. I don't mind that at all, provided the second verse is sung as well—one can find Law and Gospel in there.
I like these books and was glad to find out my kids aren't too young for them. They can either look at the pictures and say what they think is going on, recite the simplifications, or surprise me one day and recite the Explanation of the Second Article. My three-year-olds don't have the patience yet for the original catechism text, but it won't be long until they'll want someone to read that to them too.CPH recommends the books for four-year-olds. If you have a child that is developing language skills early, these can be used as young as age 2.Feedback
Luther Library was listed among the "new (and excellent) resources" at Rebecca Writes
, Dr. Andrew Jackson of SmartChristian.com
called us "a very interesting new blog to watch and enjoy," and the Bulverist Online Chronicle
has established a feed link to recent posts. Thank you three — and others, please remember that when you give us props, we'll respond in kind.
Thanks for Noticing
Warm welcomes from Cranach
and Historica ecclesiastica
sent a number of visitors to check out our new endeavor. Thanks to both.
Other bloggers, let us know when you review us and/or add us to your blogroll and we'll respond with a link back to your post.
The Great Jesus Debates
The preface to The Great Jesus Debates
, by Douglas W. Johnson, has a quote which rather appropriately describes the contents of the book to follow:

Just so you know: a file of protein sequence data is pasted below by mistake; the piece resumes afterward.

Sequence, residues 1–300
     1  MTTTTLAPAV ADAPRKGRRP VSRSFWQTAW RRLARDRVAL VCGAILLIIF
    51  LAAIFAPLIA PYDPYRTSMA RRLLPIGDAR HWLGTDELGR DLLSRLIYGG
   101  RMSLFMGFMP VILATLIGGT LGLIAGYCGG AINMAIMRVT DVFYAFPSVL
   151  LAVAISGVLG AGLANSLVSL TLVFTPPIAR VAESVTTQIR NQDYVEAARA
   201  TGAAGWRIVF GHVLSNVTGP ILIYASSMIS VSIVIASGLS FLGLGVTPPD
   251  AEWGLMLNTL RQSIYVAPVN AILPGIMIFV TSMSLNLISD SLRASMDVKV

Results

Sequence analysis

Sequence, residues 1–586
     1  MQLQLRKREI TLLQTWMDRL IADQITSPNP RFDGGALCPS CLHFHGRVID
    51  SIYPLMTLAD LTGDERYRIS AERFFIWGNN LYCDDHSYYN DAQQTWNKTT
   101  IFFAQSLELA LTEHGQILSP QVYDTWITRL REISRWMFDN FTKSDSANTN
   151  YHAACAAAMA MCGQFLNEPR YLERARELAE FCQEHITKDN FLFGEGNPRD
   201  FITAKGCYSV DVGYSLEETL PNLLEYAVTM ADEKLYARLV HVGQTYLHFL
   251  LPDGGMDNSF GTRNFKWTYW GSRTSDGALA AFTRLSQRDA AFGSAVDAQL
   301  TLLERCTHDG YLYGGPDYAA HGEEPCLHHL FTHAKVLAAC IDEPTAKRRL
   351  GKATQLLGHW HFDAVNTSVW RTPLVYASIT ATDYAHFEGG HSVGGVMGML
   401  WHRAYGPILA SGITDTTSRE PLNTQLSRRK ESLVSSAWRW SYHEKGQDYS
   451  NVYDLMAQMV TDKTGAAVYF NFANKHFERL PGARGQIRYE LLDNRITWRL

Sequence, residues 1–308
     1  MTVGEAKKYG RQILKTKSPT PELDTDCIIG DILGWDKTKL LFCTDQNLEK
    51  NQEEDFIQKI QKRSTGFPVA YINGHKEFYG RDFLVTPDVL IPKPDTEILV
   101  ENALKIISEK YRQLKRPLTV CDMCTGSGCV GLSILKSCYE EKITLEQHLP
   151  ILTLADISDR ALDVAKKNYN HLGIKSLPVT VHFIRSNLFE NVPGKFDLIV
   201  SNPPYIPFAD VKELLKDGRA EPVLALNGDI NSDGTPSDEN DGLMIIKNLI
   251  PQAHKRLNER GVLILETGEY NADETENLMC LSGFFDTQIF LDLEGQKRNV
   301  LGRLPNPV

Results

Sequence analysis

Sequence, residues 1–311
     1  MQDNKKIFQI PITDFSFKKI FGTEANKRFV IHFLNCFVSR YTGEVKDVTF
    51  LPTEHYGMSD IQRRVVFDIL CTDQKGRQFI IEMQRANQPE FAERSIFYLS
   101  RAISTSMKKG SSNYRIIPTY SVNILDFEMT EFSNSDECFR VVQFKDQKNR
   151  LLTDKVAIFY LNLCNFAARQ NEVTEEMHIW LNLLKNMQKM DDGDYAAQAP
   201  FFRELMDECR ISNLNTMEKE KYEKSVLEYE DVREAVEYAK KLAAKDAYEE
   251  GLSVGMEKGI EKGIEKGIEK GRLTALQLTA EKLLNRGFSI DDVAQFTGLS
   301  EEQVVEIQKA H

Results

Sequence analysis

The debates within early Christianity are subtle yet hideously complex. It is hoped that by stripping them to their basic concerns we will be able to see in them important statements about God, the human condition, and questions of the Christian life and salvation with which we still struggle.
For Johnson, the "red thread" of early Christendom which he sees as the hallmark of orthodox Christian teaching is the centrality of Jesus Christ — who He is and what He has done — and the grace of God, and what grace means for our forgiveness and reconciliation to God.
I am no expert historian — I merely play one on my blog — but this is a nice addition to my library of historical theology. What Johnson does is to trace through the four major theological battles in the early church, without getting too hung up on the technicalities, and show how in each case it was really a question of Jesus and His grace given to the Church.
The introduction sets the stage by giving background to who Jesus is, what grace is understood as being, who the Holy Spirit is, the interplay of Christianity and surrounding culture, and a brief background of Judaism, the Roman Empire, and Hellenism (Greek culture) of that day. In this way, he sets many of the overall structures in place on which the debates which are discussed rest.
The four key debates he discusses are:
- The Gnostic and Marcionite controversies — the question, "Is Jesus really man?" He discusses Irenaeus and his understanding of Jesus' person and work, including recapitulation theology.
- The Trinitarian Controversy — the question, "How can Jesus really be God?" In this section Johnson tackles modalism, Arianism, and other related topics. Special emphasis is given to Athanasius and the Cappadocian Fathers.